> statement is much cleaner. But sometimes, to me a value has the quality
> of no more than a "spin-off" of some other computation. So I'd love to
> have a statement saying "oh, by the way, just remember this one for
> later".
> 
> Or, think of debugging a large formula. With this "on-the-fly
> assignment", it is a piece of cake; no need stripping it down to
> individual terms (and risking to break it again as soon as you
> re-assemble it because you don't want 20 lines of assignments where a
> two-liner would do).
> 

The C way to do that:

while((error_code = function_returning_error_code()) == 0)
{
  /*do something*/
}

Easy, because = returns the assigned variable. That does definitely 
confuse a non-programmer who doesn't know the difference between = and ==.

So your example would become

FooBar( This + Is(A * (MyRand = rand()) - 0.4) / Stupid + Example );
Fnord = <1,2,3> * MyRand;

>> I'm not sure what you mean with "messing up the indentation",
> 
> Think of this syntax I had pondered:
> 
> sphere {
>   .center = <0,0,0>;
>   .radius = 1;
>   temp = rand();
>   texture {
>     test = temp + 1;
>     .answer = 42;
>   }
>   .foo = bar;
> }
> 
> I think this syntax would make it perfectly plain to most developers
> accustomed to the "foo.bar" field/member notation that .center is a
> property of the sphere, while for instance temp is not, and texture is
> defined in some other scope as well.
> 
Would it? I never write "this->member" in C++, just member. Some people 
prefix their members with "m_", I don't. It's a matter of personal 
taste...

> Alas, it really "uglifies" the indentation!
> 
Every reference to a variable outside the current scope necessarily does 
this, if I understand you correctly.

> 
> No problem with the prefixes, but I want the code to have a certain
> "beauty" as well - because with code, somehow beauty is almost always
> related to readability (unless of course you're going for the "exotic"
> beauty of some artificial languages like whitespace, c00l or such :P).
> 

> 
>> I mean for ... end. I always find using words to open and close blocks
>> hard to read.
> 
> That's where indentation was invented for. (There are even languages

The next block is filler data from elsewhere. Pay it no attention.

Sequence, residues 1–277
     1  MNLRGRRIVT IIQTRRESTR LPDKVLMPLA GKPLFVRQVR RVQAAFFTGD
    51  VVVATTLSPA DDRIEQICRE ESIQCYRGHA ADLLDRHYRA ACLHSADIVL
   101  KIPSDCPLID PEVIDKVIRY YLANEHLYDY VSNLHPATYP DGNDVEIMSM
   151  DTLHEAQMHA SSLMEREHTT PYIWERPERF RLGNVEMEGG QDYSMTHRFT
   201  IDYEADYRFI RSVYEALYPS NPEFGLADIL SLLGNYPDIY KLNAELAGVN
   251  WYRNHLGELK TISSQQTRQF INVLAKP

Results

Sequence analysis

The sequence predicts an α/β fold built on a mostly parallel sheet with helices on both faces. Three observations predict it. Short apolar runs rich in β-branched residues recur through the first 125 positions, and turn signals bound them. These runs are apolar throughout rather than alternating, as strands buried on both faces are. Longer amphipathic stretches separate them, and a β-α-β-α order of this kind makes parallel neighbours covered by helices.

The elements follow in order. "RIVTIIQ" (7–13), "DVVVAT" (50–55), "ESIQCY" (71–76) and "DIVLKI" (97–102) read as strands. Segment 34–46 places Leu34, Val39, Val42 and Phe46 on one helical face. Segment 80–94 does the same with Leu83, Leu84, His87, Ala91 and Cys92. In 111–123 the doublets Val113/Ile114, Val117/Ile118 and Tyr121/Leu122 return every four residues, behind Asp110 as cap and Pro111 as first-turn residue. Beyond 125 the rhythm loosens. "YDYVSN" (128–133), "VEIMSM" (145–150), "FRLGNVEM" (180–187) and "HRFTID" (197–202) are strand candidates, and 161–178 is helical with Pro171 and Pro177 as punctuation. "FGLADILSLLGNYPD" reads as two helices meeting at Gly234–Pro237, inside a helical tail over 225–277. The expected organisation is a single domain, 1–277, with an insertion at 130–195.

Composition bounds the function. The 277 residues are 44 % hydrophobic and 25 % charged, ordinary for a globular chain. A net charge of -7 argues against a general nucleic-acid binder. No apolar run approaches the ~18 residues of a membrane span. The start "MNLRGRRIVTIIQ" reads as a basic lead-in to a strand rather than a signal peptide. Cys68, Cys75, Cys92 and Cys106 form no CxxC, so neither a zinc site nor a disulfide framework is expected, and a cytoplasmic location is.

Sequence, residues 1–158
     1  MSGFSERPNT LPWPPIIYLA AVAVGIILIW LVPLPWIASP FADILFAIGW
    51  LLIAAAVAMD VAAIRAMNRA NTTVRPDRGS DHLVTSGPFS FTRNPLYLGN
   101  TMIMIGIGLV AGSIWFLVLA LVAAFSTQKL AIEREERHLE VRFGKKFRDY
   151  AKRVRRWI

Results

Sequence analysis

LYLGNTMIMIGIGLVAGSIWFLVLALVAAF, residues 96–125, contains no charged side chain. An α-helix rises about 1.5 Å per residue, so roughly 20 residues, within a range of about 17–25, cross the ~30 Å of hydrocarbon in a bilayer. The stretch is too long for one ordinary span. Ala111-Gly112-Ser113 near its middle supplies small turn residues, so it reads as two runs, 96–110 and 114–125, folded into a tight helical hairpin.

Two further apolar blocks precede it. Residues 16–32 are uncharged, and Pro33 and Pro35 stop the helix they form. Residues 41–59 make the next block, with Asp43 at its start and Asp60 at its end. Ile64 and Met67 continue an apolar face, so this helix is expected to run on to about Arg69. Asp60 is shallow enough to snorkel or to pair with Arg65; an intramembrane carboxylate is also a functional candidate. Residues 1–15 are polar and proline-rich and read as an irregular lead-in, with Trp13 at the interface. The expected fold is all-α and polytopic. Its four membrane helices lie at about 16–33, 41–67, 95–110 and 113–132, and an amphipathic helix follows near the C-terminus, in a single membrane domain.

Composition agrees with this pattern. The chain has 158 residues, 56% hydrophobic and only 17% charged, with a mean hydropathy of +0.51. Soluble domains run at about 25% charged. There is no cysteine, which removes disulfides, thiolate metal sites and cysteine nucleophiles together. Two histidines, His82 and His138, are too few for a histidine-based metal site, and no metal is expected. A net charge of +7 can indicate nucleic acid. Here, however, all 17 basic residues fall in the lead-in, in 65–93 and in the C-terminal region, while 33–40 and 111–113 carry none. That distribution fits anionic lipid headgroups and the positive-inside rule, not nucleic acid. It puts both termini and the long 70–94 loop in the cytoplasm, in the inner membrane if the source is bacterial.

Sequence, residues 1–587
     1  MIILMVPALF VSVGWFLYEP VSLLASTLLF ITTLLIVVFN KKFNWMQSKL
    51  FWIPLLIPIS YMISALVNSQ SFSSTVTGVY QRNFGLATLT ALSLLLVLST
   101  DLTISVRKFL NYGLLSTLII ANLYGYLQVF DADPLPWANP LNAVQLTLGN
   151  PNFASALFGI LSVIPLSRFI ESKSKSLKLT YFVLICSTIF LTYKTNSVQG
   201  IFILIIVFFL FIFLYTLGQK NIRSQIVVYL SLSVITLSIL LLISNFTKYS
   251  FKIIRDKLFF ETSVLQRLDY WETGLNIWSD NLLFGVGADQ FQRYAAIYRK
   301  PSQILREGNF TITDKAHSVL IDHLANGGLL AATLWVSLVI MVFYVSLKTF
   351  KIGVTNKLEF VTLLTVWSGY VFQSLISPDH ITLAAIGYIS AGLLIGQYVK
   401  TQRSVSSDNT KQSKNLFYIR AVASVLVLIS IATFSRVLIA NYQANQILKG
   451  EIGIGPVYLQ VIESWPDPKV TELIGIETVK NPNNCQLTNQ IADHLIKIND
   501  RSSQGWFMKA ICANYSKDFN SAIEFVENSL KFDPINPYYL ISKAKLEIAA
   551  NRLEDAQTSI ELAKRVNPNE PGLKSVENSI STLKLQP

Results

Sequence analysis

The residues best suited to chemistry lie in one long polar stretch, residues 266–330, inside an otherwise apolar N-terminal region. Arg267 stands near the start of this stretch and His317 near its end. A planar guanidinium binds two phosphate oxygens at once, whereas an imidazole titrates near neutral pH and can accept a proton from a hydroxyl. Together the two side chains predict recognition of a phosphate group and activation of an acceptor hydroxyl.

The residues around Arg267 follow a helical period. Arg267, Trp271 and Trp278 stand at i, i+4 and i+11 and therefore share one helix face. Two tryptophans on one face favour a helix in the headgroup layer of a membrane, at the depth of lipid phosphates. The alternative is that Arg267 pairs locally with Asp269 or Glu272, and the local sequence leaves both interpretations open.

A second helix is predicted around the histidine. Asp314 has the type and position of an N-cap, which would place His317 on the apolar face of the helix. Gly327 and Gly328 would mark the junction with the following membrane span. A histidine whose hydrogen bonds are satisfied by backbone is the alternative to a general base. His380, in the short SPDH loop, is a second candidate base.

> that actually use indentation levels to open and close blocks.)
> 
> And in a language such as this, I think there should be a clear
> distinction between the "modification blocks" - which open up a new
> context for "applying" things to - and control blocks.
> 
Another matter of taste, I suppose. It's just that when I want my code to 
be verbose, then _I_ want to introduce the verbosity, not the designer of 
the programming language I happen to code in.

> 
>> Then "as" creates a reference, "modify" modifies the target of a
>> reference, "=" creates a copy, and what does "modify" do if the
>> variable it should modify is not a reference...
> 
> No - it's not "=" that creates a copy: This is just an alternative way
> of creating a reference.
> 
> The thing that causes creation of a copy is the curly-braces modifier
> block, unless explicitly used with "modify":
> 
>     MySphere = sphere;
> 
> actually creates a reference to the very basic "prototype of prototypes"
> sphere.
> 
> And why not? There's no reason to create a copy if you're not applying
> any modifications to it anyway.
> 
> To create a copy of that prototype, one would have to write:
> 
>     MySphere = sphere {};

Sounds good :)

> 
>> I just want to prevent SDL 4 becoming cluttered with keywords like "as"
>> and "modify" when there is a way to express the same thing in a concise
>> manner without them. This may seem pedantic but SDL 3 is such a mess
>> with keywords. When I started writing #macros I just wanted to call a
>> variable "x"... guess what happened ;)
> 
> Yeah, that's a hassle indeed.
> 
> One simple way out of this, however, is to develop a habit of always
> starting your variable names with uppercase letters. (I must confess I
> don't have such a habit myself ;))
> 
> Also note that the whole smash like "blob", "sphere", "triangle", "sqr"
> (yeah! my personal friend in POV 3.x!) would be made available at least
> for local variables if desired.
> 

As all objects will be prototypes I don't think any special treatment 
will be required. These prototypes could even come from special internal 
includes. Most of the time I won't need a poly and if I want to create 
one I just write

include "internal:poly"

poly
{ /*blahblah*/
};

Of course cameras and basic modifiers should be included by default. 
Namespaceing on the other hand is just too much typing for a lazy person 
like me :P

> If variable names should really be deemed an issue, how about carrying
> over POV-Ray 3.x convention for control keywords to start with "#"?
> 
> So we'd have:
> 
> #for i = 1 #to 21 #step 2 #do
> #end
> 
> though I wouldn't consider this pretty. Or using all uppercase, which
> seems to be more seldom used for variable names (possibly because it
> requires one more key to be pressed):
> 
> FOR i = 1 TO 21 STEP 2 DO
>   sphere { center = <i,0,0>; radius = 1; }
> END
> 
> Looks a bit antiquated, but that doesn't necessarily make it a bad idea.

There should really be opinion polls among POV-Ray users to decide on 
prettyness ;)


Post a reply to this message

Copyright 2003-2023 Persistence of Vision Raytracer Pty. Ltd.